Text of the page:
Only humans with a lower time preference can decide to forgo a few hours of fishing and opt to build a superior fishing pole, which cannot be eaten itself, but in the future will enable better results per hour of human effort spent fishing. This is the essence of investment: humans defer immediate gratification and invest their time producing capital goods which will, in turn, make the production process itself more sophisticated, extend it over a longer time horizon and yield superior results per hour of human effort. In this way, investment increases capital good stocks which increases productivity. Amazingly, this effect also transforms into a positive feedback loop. Also known as a virtuous cycle or the flywheel effect, a positive feedback loop is a process that is recursively energized (its outputs also serve as its inputs) and therefore creates compounding effects. Positive feedback loops play an important role in biology, chemistry, psychology, sociology, economics and cybernetics. In respect to investment, as more capital goods are accumulated, levels of productivity are increased even more and the time horizon of production is extended even further:

To understand this preference clearly, let’s consider two hypothetical fishermen, Harold and Louis, who start out with nothing other than their bare hands. Harold has a higher time preference than Louis and chooses to spend his time catching fish with using just his bare hands. Using this approach, Harold spends about 8 hours per day to catch enough fish to feed himself for one day. Louis, on the other hand, spends just 6 hours per day catching fish, makes do with the smaller amount of fish and chooses to spend the other 2 hours building a fishing pole. Two weeks later, Louis has succeeded in building a fishing pole, which he can now use to catch twice as many fish per hour as Harold. Louis’s investment in the fishing pole could allow him to only fish for 4 hours each day, eat the same amount of fish as Harold and spend his other 4 hours in leisure. However, since Louis has a lower time preference, he instead chooses to fish for 4 hours per day and spend the other 4 hours building a fishing boat.

One month later, Louis has succeeded in building a fishing boat, which he can now use to go further out to sea and catch fish that Harold has never even seen. Not only has Louis increased his productivity (fish caught per man hour) but he has also increased the quality of his production (a greater variety of fish from the deep sea). By using his fishing pole and boat, Louis now needs only 1 hour per day to catch a day’s worth of food and spends his other 7 hours engaged in further capital accumulation — building better fishing poles, boats, nets, lures, etc. — which, in turn, further increases his productivity and quality of life.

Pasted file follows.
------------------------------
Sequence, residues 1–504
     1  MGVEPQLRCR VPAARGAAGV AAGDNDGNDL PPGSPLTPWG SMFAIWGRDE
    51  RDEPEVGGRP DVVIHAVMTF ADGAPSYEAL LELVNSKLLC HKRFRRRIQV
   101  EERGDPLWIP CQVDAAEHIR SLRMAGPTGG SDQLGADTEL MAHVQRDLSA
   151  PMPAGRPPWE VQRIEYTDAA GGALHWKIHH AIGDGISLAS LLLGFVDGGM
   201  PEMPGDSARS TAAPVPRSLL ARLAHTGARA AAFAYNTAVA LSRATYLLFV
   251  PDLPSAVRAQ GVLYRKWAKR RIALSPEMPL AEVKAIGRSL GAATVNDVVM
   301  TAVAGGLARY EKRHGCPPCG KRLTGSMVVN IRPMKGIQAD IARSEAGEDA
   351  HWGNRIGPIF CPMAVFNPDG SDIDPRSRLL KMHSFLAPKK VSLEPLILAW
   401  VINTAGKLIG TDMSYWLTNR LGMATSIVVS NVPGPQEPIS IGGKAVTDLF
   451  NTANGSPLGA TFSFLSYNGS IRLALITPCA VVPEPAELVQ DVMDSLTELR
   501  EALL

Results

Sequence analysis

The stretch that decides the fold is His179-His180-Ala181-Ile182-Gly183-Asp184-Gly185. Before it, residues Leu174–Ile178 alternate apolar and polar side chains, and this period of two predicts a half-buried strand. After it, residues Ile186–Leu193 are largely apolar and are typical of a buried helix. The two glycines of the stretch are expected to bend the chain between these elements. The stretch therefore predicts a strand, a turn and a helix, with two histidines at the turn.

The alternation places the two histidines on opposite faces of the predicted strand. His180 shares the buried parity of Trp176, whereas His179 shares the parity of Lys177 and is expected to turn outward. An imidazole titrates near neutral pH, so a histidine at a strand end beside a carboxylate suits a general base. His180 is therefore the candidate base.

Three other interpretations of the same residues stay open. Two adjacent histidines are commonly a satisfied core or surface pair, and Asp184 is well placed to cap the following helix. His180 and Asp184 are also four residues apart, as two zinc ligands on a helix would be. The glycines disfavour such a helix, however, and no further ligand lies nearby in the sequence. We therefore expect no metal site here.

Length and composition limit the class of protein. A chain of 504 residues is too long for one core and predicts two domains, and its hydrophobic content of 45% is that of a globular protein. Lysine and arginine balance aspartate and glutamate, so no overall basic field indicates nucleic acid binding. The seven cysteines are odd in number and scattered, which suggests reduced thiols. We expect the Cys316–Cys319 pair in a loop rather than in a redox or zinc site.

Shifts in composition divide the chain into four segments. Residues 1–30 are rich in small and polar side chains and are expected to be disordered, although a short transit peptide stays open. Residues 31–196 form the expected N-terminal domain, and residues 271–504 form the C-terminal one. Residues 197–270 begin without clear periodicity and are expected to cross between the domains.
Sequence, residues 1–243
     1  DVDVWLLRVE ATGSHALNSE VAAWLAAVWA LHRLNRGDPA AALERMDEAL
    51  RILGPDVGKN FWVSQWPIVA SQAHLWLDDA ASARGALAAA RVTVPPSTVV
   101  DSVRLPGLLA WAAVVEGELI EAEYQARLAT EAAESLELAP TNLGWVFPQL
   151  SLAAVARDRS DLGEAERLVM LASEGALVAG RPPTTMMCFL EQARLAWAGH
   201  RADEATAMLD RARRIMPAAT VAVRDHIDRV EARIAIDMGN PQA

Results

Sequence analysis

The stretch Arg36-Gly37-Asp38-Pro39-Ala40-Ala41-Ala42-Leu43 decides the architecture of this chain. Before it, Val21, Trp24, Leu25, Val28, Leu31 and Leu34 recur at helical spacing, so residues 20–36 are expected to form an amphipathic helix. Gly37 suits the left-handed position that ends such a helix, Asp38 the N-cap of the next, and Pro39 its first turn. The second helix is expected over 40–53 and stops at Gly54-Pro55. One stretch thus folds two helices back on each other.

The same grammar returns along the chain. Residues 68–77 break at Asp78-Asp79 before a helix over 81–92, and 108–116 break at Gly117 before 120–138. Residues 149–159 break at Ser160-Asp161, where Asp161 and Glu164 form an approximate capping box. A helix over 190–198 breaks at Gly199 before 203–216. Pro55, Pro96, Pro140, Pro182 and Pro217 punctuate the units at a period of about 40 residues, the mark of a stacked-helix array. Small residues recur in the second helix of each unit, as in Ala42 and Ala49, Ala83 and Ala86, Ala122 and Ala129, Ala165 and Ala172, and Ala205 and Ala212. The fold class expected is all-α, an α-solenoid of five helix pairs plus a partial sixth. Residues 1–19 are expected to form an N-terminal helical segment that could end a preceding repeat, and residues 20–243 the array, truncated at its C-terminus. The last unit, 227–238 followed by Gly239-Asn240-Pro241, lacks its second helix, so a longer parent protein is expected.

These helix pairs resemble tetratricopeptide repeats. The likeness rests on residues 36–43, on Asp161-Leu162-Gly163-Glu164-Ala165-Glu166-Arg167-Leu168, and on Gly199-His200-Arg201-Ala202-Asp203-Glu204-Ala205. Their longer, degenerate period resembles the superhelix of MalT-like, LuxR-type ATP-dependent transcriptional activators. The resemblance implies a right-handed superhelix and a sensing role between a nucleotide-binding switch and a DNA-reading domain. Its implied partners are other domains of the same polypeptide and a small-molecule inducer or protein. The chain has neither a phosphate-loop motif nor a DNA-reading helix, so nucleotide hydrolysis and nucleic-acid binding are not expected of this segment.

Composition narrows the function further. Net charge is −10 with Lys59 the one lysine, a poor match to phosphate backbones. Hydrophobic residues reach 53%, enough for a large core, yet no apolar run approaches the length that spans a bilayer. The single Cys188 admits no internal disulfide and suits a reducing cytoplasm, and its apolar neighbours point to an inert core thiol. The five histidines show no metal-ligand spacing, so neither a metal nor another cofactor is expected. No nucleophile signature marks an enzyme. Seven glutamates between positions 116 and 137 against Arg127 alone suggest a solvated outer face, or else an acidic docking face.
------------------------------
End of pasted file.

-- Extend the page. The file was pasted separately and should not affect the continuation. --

Should Louis and his descendants continue to exhibit a lower time preference, the results will compound over time and across generations. As they accumulate more capital, their work efforts will be ever-further amplified by productivity gains and enable them to engage in ever-larger projects that take ever-longer to complete. These gains are amplified even further when Louis and his descendants begin trading with others that specialize in crafts in which they themselves do not — such as housing, wine making or farming. Successive layers of learning, productivity gains and flourishing trade networks are the foundational sediment upon which all human advancement in terms of knowledge, technology and culture is built. Human advancement is noticeable in the tools we make and the way we relate with one another.

From this perspective, it becomes clear that the most important economic decisions any individual faces are related to the trade-offs they face with their future self. Eat less fish today, build a fishing boat tomorrow. Eat clean today, be healthy tomorrow. Exercise today, be fit tomorrow. Read books today, be knowledgeable tomorrow. Invest money today, be wealthy tomorrow. We can all take solace that this compounding force of nature is always available to each and every one of us. No matter how bad the circumstances are for a man with a low time preference, he will likely find a way to keep compounding his present efforts and prioritizing his future self until he achieves his objectives. Contrarily, no matter how much fortune and wealth favors the man with a high time preference, he will likely find a way to continue squandering his wealth and shortchanging his future self. These individual relationships with our future selves is the microcosm of the societal macrocosm. As society develops a lower time preference, its prospects of prosperity improve in tandem.

Foundation of Economic Growth [1,4]

There are many factors beyond the scope of this essay which influence time preference. Most relevant to our discussion is the expected future value of money. As we have seen, hard money is superior at holding its value across time. Since its purchasing power tends to remain constant or grow over time, hard money incentivizes people to delay consumption and invest for the future, thereby lowering their time preference. On the other hand, soft money is subject to having its supply increased unexpectedly. Increasing the money supply is the same as lowering the interest rate, which is effectively the price of borrowing money and the incentive to save. By reducing the interest rate, the incentive to save and invest is diminished whereas the incentive to borrow is increased. So, soft money disincentivizes a favorable orientation towards the future. In other words, soft money systems raise society’s time preference. For this reason, soft money, once it is sufficiently debased, tends to precede societal collapse (more on this later).